I think it has taken a pandemic to realise what beautiful hidden treasures we have locally or on our doorstep.
We all know the famous buildings the ones that draw in a huge amount of tourists yearly. But what about the lesser known buildings, the ones you may discover when you are out and about or pass by on your way to work or doing the school run.
I have compiled a short blog of my top five lesser known historical buildings.
1. Portumna Castle.
Located on the banks of the River Shannon at the edge of Portumna forest park, lies this beautiful castle. End of visiting season it is now closed, but you can still walk up the drive and around the back of the castle to admire this beast of building. Built in 1618 at a cost of £10,000 for Richard de Burgh, Earl of Clanricarde and accidentally burnt in 1826.
It has two huge forecourts one with a classical gateway, with Tuscan columns. The castle has huge corner towers which were partly defensive and a walled Kitchen garden carefully tended to by a head Gardner and worth a wander around when the Castle opens for tourist season next year.
2. St. Brendan's Cathedral, Clonfert.
This building holds many memories for me, as we would go on a school tour to visit this site when I was in National school and we were always enamoured by the 12th century Hiberno-Romanesque western doorway, with its decorative arches of heads carved into brown sandstone. A monastery was founded here in the mid 6th Century by Saint Brendan the Navigator and inside you will find carvings on the stone pillars of Angels and a Mermaid. It's the little details you will be surprised to find.
It's usually closed when I go visit, but the Caretaker lives next door and is only happy to open it, he told me it used to be open until one day he caught some unsuspecting tourists trying to make off with the pipes from the organ. I don't think they thought that one through!
3. Clontuskert Augustinian Priory.
This place can be easily spotted from the road, if you know where to look, driving through the village of Laurencetown in the direction of Ballinasloe, you will spot this structure nestled at the heart of farmland. There is a small boreen for access but it is best to park in the little parking bay and walk up the lane.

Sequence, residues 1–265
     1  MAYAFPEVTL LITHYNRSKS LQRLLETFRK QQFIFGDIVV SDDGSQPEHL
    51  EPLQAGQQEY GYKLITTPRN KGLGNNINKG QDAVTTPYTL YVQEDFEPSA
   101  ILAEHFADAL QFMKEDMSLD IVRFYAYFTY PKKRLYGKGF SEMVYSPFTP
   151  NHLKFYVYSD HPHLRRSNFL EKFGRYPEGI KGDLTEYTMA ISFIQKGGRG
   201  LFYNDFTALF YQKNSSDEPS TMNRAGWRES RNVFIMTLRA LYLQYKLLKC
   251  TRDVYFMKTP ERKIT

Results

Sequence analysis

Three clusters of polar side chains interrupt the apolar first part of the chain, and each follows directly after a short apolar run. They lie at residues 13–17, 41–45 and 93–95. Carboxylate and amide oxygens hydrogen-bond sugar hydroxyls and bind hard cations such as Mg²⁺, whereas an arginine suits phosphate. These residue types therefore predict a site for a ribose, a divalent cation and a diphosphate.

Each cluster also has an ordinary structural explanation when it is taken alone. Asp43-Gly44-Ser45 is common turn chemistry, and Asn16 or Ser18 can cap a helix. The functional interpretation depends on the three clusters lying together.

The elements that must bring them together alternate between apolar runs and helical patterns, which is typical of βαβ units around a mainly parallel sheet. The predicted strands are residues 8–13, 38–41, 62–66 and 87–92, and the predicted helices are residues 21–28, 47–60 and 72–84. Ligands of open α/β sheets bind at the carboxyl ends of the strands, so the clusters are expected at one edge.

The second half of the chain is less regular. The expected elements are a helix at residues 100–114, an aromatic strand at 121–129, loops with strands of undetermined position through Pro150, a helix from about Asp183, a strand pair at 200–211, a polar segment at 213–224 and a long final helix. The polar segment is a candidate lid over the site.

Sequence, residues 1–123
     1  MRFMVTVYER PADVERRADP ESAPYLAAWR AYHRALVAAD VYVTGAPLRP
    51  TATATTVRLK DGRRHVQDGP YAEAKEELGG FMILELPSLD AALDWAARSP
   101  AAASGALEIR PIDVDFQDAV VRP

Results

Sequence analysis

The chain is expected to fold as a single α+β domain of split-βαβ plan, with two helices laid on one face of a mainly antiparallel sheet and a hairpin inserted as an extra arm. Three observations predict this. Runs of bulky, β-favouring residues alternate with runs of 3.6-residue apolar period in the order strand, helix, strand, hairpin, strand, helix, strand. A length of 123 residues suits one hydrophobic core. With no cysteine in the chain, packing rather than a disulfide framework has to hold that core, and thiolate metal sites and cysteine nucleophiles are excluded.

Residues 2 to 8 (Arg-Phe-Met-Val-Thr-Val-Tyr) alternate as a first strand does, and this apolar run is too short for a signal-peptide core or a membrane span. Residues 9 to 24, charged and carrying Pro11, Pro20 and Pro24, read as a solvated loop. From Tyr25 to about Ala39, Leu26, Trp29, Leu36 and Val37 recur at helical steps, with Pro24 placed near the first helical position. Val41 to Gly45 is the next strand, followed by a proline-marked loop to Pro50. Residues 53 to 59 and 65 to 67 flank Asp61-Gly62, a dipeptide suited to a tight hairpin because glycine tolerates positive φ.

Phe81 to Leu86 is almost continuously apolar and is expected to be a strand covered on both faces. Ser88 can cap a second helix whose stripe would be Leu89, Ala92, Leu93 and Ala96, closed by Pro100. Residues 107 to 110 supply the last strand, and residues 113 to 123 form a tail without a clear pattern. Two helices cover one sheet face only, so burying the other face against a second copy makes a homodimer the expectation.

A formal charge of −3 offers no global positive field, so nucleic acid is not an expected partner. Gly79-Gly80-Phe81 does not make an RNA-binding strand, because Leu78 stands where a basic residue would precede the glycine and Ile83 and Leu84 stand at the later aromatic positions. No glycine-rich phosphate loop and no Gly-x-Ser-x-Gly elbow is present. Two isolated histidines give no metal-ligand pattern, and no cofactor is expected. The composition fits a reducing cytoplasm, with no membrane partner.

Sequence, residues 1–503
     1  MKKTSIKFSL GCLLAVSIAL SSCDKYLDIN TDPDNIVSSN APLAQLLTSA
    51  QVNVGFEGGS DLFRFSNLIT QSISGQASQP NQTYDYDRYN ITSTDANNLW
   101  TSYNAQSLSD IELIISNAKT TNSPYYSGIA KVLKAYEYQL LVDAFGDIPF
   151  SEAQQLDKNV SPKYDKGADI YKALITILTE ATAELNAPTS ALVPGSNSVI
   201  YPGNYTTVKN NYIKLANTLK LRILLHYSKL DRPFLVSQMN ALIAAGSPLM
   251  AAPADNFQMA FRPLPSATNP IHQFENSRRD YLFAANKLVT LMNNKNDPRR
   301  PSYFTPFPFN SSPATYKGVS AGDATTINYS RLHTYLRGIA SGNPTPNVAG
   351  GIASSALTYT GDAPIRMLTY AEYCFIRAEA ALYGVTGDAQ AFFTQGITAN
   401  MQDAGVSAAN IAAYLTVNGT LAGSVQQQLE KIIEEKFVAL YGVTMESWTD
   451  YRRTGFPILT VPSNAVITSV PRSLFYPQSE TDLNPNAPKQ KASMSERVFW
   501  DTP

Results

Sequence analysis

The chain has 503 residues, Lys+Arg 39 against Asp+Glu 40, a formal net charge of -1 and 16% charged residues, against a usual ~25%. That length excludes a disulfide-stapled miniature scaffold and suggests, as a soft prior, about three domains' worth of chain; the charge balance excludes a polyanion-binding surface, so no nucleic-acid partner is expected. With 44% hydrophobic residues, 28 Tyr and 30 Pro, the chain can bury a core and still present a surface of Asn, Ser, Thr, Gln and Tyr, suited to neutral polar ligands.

Founded after 1140 by the O'Kellys of Hymany, a fire in 1404 left the property badly damaged. The priory flourished under the O'Kellys and it was transferred to the Earls of Clonricarde after the dissolution. Gifted to the state in the 1970's.
With a beautiful carved west doorway depicting a mermaid, a pelican, dragons and birds and not forgetting the four figures at the top of the doorway. Some gorgeous detailed stonework throughout the building. A very peaceful and quiet location with stunning views of the surrounding countryside, you are guarnanteed to have the place to yourself apart from the nosey cows in the fields next door.
4. Kilconnell Franciscan Friary.
Founded in 1414 by William Mor O'Kelly, located in the small village of Kilconnell, near Ballinasloe, hidden away at the back of the village a stones throw from the National School. It has an fabulous svelte tower which overlooks the surrounding landscape, with three chapels, the middle one dating from 1512.
A number of tombs survive in the majestic ruin, the west tomb has six well crafted carved saints in its base, including St. Louis and St. Denis. In 1649 Archbishop Rinuccini, the Papal Nuncio, stayed in the friary while travelling from Kilkenny to Galway. This building has seen the surrounding landscape change over the centuries many battles fought and won, changed hands numerous times and at one stage during the Irish Confederate Wars from 1641 to 53, a chapter meeting was held. If walls could speak I am sure it could regale us with many stories.
5. Woodlawn House
Not the best of photos with a phone, but didn't want to trigger the intruder alarm by stepping onto the property!. Surrounded by Woodlawn woods which is open to the public, the walk will lead you up towards the back of this house which is partially hidden by trees. Not open to the public, but there are plans in place for a full restoration project in the near future.
It is a three storey palladian style country house originally built around 1760 by Frederick Trench, the first Baron Ashtown. The second Baron Ashtown put his own stamp on the property by giving it a make over in 1860. He was also responsible for the construction of Woodlawn Station, ensuring the railway line passed through his property.
Still standing to this day are several other buildings that Lord Ashtown was responsible for building - A Protestant Church, Gamekeepers Lodge, a family Mausoleum, a Ice House and artisan cottages and of course Woodlawn house itself.
So there you have it, my top five places to explore on my doorstep. Subsribe to my newsletter and I will update you on some more hidden gems. The link is at the top of this page.